In April, the SA Taxi Foundation Art Award, now in its third year, announced the Award winner and top five category finalists at the launch of the Award exhibition at Lizamore & Associates Gallery, Rosebank, Johannesburg.
Now in its 3rd years, this innovative award mergers visual art, design and taxis. The award asks of entrant to create a visual artwork in conversation to a brief and then design an accompanying decal for a minibus taxi. Each of these artists wins a cash prize along with the opportunity to have their works showcased taxi’s around the country, each to be carried by 10 taxis on national routes for a period of 6 months.
“This is such a fundamental part of people’s lives, helps to promote local art value chains.” Says the SA Taxi Foundation Director, Lishani Letchmiah. “And, because most minibus taxi commuters are posting pictures and comments about the vibrant works of art on the selected minibus taxis, the impact of the art reaches steadily deeper into society”
This years brief asked artists to consider difference. With a strong focus on African art and its place in the global conversation around contemporary art, what is our understanding of contemporary African art? How does our participation as the Southern most tip of Africa inform our place on the continent. What is our lived experience of being part of this larger puzzle of a global art community, an African art conversation and then as artists working within very specific communities. What does difference look like? Consider the very current issues around the growth of the South African economy, a world and country grappling with matters of citizenry, social cohesion and participatory community. The taxi industry is complex and experienced by all South Africans daily from different sides. This fascinating and challenging business is the backbone of our economy, moving millions of commuters around the cities they inhabit every day. This interlinking of industry, state and public works to form a puzzle-like organism, driving the nation forward.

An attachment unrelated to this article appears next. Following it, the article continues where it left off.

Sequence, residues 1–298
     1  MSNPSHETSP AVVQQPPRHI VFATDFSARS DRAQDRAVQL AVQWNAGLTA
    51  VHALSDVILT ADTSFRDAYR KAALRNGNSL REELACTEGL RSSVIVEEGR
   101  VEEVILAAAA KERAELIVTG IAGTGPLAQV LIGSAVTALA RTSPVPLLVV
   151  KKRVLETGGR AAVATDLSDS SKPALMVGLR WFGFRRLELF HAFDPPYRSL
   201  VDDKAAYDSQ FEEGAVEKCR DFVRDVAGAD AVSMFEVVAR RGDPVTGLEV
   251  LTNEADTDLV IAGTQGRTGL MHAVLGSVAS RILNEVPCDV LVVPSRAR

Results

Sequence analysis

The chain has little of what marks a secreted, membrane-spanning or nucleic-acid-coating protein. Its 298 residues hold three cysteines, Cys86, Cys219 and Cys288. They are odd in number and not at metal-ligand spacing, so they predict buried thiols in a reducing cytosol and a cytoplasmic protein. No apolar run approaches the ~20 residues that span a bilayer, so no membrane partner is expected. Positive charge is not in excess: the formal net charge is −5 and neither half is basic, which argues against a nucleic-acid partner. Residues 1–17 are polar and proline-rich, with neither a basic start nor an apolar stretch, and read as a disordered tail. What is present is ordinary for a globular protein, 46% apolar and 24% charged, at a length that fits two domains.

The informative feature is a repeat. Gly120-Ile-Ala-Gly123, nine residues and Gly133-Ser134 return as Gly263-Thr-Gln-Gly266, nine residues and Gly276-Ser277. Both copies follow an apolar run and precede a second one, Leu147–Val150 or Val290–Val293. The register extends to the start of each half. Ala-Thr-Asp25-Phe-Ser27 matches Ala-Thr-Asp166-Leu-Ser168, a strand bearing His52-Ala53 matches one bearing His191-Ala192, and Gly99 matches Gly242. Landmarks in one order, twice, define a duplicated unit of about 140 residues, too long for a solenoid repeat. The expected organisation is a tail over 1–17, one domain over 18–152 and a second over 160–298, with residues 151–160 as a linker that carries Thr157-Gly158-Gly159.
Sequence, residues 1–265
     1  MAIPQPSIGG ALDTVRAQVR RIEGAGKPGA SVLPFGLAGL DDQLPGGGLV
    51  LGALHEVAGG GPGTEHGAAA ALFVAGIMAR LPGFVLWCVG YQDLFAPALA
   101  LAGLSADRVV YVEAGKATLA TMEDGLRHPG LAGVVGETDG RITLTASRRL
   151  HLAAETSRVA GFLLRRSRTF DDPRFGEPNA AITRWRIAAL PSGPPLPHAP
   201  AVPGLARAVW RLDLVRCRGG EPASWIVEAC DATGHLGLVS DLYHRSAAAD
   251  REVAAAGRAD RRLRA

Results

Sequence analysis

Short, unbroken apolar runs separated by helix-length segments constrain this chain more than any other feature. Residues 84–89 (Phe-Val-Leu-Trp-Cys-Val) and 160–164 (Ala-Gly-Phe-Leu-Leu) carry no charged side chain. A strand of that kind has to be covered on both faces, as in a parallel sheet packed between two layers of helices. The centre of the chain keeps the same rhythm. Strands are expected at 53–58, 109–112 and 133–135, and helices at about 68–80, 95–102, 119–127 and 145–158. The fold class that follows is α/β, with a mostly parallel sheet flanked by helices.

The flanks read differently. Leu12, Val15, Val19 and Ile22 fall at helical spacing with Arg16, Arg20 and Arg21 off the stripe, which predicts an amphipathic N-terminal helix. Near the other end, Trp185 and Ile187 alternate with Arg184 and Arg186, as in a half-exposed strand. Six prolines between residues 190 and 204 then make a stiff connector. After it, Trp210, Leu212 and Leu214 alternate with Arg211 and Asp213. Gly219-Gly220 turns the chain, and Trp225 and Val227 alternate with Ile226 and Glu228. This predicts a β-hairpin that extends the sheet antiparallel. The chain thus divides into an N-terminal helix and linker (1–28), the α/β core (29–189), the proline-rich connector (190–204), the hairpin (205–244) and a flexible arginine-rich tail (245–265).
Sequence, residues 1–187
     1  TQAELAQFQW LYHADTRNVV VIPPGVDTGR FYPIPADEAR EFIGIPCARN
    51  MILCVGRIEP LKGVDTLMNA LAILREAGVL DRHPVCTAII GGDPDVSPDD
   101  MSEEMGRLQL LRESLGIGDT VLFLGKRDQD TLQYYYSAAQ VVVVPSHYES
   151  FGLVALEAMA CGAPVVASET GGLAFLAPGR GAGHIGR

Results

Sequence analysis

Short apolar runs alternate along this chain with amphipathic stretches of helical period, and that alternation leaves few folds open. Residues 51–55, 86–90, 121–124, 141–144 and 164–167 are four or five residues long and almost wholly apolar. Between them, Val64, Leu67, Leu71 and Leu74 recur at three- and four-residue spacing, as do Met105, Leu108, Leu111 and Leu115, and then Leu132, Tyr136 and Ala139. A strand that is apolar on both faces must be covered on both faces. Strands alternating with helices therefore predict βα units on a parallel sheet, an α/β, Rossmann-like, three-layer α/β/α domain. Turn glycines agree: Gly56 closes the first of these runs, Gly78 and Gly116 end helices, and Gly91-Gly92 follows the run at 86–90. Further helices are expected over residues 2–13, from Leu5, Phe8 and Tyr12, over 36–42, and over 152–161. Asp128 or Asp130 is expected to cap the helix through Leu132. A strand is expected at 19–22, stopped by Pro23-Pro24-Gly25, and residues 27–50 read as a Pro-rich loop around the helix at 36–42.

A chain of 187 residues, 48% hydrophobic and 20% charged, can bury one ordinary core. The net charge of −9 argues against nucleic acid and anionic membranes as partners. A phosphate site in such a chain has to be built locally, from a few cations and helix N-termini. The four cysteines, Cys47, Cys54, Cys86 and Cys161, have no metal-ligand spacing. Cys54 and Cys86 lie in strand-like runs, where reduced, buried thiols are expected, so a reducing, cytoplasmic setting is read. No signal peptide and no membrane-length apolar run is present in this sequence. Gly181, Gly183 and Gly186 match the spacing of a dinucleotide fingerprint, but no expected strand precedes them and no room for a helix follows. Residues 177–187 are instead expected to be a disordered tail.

This year, catergories were introduced as a way to reframe the traditional boundaries that so often permeate the Visual Art Sector. The five (5) finalists were be chosen along the following categories:
- Two dimensional artworks (This includes drawing, painting, collage, photography any work whose final presentation is in a 2d format.)
- Three dimensional works (This includes work whose final presentation is in 3D format such as sculpture and installation. This could include a virtual 3D manifestation i.e. sculpture, virtual reality, animation.)
- Multiples (This includes works whose production is editioned- traditional printmaking, photography, editioned sculpture etc.)
- Mixed Media (This includes works of any manifestation that include mixed media in its final presentation such as collage, found object works and works made up of several media and materials.)
- Digital/Multimedia (This includes works whose final manifestation is digital in nature. This could include digital in process or digital in the final presentation.)
Artists were selected through a two-phase blind judging process, from more than 160 entries. The first phase, a digital selection to identifiy the top 50 entries that were brought to Johannesburg for the final judging, was headed by Director of VANSA, Molemo Moiloa. Thereafter judges Maria McCloy, Rolihlahla Mhlanga and Gordon Froud selected the top thirty works as well as the 5 category finalists and Award winner. The judges focused on the combination of their artwork, decal design and conceptual narrative.
Says Froud about the finalists: “The thematic considerations showed the diversity of our country, with close to home topics like water shortages and other social and even political statements on the one hand and then to the fun, funky, youthful exuberance that spills out of the urban taxi environment”